The National Football League made a clear and undeniable mistake in its initial handling of the Ray Rice domestic violence incident. Even prior to the full video release by TMZ, it is nearly impossible to rationalize a 2 game suspension with any other comparator for bad behavior and its respective punishment. The Baltimore Ravens did the right thing in cutting Ray Rice and the NFL also should be praised for it’s indefinite suspension of Ray Rice from the League.
A Need for Better Process
This video leaves no alternative. Yet, the most interesting question isn’t about punishment or individual accountability but, rather, how does the NFL fix it’s system to ensure it’s process better prevents these heinous acts from happening and to establish a clear organizational culture that bad behavior will not be tolerated in it’s league? No level of talent should skew the moral compass from it’s directional accuracy. .
Here are a few steps the NFL should take immediately to re-establish trust that it can competently manage it’s issues.
Don’t PR your way out of it
The NFL has incredible resources to help manage it’s narrative for on-field and off-field happenings. It’s part of what they do quite well in the sports industry. Yet, where mistakes are made and bad things happen there truly is no substitute for authenticity and acknowledging the mistakes that have been made. On no planet is the initial 2-game suspension defensible. Even if there may have been concern about what disciplinary rules might have allowed for based on evidence at hand, it is far better to err on the side of fair, transparent process and decisions that make sense. My hope in the days ahead is that the tone of the public conversation from the NFL changes on this matter. It shouldn’t be a matter of, “well had we known then what we know now” spin. A bad decision was made even with whatever level of information was available at the time. Own it, be clear about this, and apologize with clear steps to help ensure that things will be different next time.
Assess the Problem
It’s time for a deep assessment of how prevalent domestic violence is in the NFL. The NFL has an opportunity to truly be at the forefront of domestic violence prevention. Bring in the right experts to gather this data. Seek it out, actively. It’s not that the NFL necessarily has a higher rate of domestic violence (see research which argues it’s quite below the national average), but the NFL must accept that it’s visibility imposes a different standard of tolerance than for the rest of the world. Frankly, it would make sense to assess across an array of concerns and life skills to establish a baseline from which to improve.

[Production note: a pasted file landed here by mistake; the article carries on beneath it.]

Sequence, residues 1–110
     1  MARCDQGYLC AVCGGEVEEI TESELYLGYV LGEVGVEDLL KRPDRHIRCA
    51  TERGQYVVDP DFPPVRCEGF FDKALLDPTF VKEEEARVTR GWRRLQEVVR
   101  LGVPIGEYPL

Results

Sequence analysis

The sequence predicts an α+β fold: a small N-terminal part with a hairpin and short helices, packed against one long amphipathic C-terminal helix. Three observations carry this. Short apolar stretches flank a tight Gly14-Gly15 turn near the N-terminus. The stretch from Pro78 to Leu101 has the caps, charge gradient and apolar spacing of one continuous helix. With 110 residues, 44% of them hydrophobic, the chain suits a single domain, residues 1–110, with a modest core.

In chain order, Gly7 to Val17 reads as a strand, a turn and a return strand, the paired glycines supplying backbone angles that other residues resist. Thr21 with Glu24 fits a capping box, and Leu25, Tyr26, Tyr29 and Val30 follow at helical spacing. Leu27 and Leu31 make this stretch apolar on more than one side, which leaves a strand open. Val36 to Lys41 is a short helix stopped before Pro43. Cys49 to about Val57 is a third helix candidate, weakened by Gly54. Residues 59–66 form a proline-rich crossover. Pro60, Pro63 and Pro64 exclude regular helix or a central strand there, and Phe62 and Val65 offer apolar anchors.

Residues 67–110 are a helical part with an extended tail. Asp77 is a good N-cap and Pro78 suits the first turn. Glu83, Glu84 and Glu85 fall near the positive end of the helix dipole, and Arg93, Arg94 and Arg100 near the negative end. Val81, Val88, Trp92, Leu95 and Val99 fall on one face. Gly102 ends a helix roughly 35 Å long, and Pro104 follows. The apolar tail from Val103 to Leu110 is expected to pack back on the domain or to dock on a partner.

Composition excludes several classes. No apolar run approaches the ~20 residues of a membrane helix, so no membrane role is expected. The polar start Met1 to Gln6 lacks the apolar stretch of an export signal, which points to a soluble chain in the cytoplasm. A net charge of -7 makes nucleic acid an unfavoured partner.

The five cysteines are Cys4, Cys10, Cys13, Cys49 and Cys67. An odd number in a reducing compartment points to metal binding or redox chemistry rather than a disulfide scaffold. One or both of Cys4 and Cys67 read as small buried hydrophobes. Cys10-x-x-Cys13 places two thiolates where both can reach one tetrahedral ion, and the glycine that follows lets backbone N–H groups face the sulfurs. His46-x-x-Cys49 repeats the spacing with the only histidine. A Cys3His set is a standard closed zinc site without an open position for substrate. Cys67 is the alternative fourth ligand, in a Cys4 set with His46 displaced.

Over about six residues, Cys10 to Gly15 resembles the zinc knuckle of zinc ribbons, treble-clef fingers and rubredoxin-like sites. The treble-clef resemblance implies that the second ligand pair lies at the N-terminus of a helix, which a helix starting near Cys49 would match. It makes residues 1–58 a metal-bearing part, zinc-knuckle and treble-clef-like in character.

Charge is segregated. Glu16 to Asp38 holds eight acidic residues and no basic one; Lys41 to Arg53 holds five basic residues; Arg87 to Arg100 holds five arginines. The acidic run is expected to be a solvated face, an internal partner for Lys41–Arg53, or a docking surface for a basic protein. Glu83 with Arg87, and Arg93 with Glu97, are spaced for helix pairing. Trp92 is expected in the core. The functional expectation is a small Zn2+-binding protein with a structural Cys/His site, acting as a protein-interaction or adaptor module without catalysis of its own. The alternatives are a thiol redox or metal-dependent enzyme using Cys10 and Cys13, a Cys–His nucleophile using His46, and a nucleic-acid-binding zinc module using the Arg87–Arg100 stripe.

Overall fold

Fix the Problem
The NFL’s tougher stance announced in August is a good start. How effective are the programs in place? What’s working and what’s not working? Check for efficacy continuously and adapt to make improvements wherever and whenever possible. The NFL Lifeline and NFL Total Wellness programs all sound good. They might very well be great. Make sure they are. These are great places to invest resources and it takes time for all of these programs to truly permeate the culture of the NFL and it’s players, families, and staff.
Consider a Sports Ombudsman Program
Organizational sports ombuds programs are designed to:
Uncover serious problems;
Resolve issues as promptly, informally, and fairly as possible;
Identify issues and trends and;
Initiate organization enhancing change.
Having a trusted resource available to help identify a range of options in any situation is critical. Many struggle to self-identify with a particular support resource they need and an ombudsman can informally handle everything from the mundane to the critical as part of the solution set made available to the NFL community.
No Substitute for Good Process and Good Decisions
The NFL is incredibly resilient. The past year has been filled with concerns around concussions, off-field incidents, locker room culture, and more and the league thrives from a business standpoint. Yet, ultimately, sustainable success will depend on violating some of the PR spin and transparently acknowledging flaws and mistakes. Nobody expects perfection but they do want to trust that broken processes will be fixed and bad decisions will be owned.
Author: Joshua Gordon
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